Fitness trackers could boost kids' health, but face challenges, experts say
Mar 4, 2014
Picture of activity
In addition, the newest trackers go beyond counting steps to monitoring sleep duration and quality, as well as creating a graph of active and sedentary time. Those features could help families become more aware of their kids' activity levels, Garrison said.
"Some things that increase physical activity in the day aren't always what we expect," Garrison said. "It may not be soccer practice, it may be helping dad and mom with chores around the house."
Garrison is conducting a small pilot study to see whether a FitBit device can help obese children and their families become more aware of when children are most active. The hope is that by focusing on mindfulness, as well as having family members work together to improve their fitness, the trackers can have more long-lasting effects on health, she said.
Using a fitness tracker doesn't require extensive commitment or sophisticated knowledge, which could be a hurdle for families where obesity or inactivity are problems, said Bethany Soule, the chief technology officer and co-founder of Beeminder, an app aimed at motivating people to change their behavior that works with multiple fitness trackers.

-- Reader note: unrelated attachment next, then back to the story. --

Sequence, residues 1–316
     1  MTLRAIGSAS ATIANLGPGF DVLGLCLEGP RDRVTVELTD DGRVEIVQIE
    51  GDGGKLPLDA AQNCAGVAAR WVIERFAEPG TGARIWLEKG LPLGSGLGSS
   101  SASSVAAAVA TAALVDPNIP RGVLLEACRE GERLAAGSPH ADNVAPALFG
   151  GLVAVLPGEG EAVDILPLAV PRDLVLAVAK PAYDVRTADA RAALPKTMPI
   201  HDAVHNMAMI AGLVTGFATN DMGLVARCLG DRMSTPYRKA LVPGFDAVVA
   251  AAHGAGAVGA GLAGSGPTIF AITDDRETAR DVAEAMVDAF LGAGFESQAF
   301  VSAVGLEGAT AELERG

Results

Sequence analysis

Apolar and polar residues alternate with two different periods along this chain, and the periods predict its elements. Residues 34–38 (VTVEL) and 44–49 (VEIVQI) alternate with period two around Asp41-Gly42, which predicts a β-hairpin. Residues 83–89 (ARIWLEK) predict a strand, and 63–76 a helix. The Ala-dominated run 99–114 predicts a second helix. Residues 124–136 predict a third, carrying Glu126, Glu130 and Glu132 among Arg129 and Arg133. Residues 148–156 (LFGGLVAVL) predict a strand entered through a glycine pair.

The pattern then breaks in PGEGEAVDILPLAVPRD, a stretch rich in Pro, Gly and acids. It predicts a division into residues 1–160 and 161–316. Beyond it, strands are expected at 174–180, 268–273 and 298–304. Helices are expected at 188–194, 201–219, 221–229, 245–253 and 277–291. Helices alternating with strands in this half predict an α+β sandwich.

Unlike counting calories or manually tracking activity with a paper chart, "you don't have to know anything about sports or how to exercise or use a gym, you just need to move and here's a little device that tells you how active you are," Soule said.
No perfect device
Despite several startups focusing on fitness trackers for kids, companies are still struggling to come up with the best way to design them, Garrison said.
Soule and Daniel Reeves, the CEO and co-founder of Beeminder, for instance, have found that none of the fitness trackers are a perfect fit for their children, ages 5 and 6.
Given how pricy the devices are often costing more than $100 it can be hard to justify the expense for children, who are likely to lose them, Reeves said.
Many trackers must be charged frequently, and some require users to physically connect the tracker to a phone or computer to see their data, which is hard for children to remember, he said.
Ideally, a tracker should have a way for kids to instantly see the data, while also giving parents access to it, Reeves said.
Trackers may also underestimate children's sleep, said Lisa Meltzer, a pediatrics professor at National Jewish Health in Denver, Colo.
Most fitness trackers use tiny accelerometers that measure motion, and label any period where a person is holding still as sleep.
"The problem with this is that children are very active sleepers, moving a lot during the night," Meltzer told Live Science.
So although sleep data from these devices might provide some insight for instance, letting parents know if a late bedtime is affecting a child's mood the next day, or if children are getting up earlier than thought they shouldn't take the total number of hours of sleep as accurate, she said.